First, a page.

What can you decipher about a person from their to-do list?
Liza Kirwin selects her favorite lists by American artists and architects. What’s fun to note is the variety of expression: not only straightforward to-do items, but watercolors, collages, and the poetic interspersed with the mundane. Kirwin is a curator at The Smithsonian, and knows her stuff. Among my favorite bits here is a list by the architect Eero Saarinen, who designed the iconic St. Louis Arch. I remember first encountering his spiritual, earthly architect in a small chapel at MIT my freshman year in college.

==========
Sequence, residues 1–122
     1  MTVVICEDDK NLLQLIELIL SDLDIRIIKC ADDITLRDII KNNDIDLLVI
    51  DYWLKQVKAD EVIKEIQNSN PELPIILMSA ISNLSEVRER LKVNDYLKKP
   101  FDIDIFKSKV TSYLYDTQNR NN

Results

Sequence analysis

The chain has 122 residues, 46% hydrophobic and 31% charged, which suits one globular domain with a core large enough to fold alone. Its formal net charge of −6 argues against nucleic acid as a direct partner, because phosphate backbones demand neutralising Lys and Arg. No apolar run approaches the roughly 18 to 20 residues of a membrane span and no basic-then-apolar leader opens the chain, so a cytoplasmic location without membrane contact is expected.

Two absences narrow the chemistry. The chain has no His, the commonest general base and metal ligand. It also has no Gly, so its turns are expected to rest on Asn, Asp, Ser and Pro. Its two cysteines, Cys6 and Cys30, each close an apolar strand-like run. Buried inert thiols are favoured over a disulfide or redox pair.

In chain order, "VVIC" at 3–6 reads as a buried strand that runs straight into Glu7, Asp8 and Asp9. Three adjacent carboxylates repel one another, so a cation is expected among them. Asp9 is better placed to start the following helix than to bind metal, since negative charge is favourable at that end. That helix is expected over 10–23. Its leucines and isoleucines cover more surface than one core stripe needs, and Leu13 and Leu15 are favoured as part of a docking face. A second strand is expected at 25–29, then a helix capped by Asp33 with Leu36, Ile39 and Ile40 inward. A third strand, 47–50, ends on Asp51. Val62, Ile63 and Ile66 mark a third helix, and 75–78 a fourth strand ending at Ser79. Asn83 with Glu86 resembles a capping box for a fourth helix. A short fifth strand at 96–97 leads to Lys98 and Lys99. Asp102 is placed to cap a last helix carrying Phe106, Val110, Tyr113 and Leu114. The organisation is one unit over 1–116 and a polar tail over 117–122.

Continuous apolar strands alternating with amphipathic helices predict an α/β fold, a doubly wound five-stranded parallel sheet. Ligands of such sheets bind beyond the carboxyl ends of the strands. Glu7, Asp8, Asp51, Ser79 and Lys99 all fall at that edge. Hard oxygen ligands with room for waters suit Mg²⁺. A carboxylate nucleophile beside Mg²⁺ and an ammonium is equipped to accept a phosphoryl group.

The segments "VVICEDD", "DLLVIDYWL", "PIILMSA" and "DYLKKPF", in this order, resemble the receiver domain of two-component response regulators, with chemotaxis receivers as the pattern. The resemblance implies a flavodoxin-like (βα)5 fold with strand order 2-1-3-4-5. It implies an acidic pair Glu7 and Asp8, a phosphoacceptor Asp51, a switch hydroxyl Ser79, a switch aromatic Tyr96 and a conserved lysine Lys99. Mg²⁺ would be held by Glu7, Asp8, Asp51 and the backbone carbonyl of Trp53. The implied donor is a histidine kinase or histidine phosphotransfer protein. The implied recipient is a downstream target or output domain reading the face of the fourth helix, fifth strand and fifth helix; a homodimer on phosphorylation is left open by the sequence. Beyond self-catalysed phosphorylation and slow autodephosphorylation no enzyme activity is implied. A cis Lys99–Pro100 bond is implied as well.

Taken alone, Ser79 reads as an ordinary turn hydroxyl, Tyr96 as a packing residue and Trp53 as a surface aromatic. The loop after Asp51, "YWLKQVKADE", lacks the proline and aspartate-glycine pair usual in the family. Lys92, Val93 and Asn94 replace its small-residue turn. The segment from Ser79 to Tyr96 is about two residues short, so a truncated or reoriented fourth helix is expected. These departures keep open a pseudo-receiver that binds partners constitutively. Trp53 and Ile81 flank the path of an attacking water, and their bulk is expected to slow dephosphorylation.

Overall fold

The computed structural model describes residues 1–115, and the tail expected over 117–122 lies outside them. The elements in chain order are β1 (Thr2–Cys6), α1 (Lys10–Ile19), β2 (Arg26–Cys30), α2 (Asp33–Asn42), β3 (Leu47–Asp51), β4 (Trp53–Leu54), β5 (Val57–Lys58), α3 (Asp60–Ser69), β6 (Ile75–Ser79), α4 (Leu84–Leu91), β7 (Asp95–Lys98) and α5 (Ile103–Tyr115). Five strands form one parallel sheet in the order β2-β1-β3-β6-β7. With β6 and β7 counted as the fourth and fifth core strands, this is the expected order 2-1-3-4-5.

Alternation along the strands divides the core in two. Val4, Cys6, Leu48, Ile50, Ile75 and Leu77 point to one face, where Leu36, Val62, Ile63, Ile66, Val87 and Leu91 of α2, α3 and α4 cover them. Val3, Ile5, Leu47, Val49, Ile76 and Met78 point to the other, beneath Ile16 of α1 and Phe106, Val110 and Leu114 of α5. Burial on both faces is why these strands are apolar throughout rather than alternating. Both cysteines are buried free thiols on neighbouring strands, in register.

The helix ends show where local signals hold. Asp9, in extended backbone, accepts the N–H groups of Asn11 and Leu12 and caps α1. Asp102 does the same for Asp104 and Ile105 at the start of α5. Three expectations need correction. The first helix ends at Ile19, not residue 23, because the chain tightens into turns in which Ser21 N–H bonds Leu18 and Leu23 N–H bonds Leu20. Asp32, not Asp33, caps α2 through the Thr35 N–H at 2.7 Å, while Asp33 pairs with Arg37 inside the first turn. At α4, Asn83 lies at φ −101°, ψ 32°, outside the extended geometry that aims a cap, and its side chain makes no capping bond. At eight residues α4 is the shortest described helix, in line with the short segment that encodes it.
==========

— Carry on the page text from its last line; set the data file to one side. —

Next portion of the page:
Another artist, James Penney, can be seen trying to manage his life as a young artist in New York:
In his 1932 sketchbook he made a list of survival tips, including “spend what you have on materials” and “don’t go back to Kansas.” On the opposite page he sketched the steel joints, lifting hooks, and pulleys in the construction of Radio City Music Hall.
That fortitude and desire to make it in the Big City reminds me of Joan Didion’s famous farewell to the artist’s Manhattan life in “Goodbye to All That” (as well as the subsequent ode by another essayist who I’m gaga about–Eula Biss–in her collection No Man’s Land). I’d love to see what Didion or Biss have on their to-do lists, and what it reveals about the writer at work.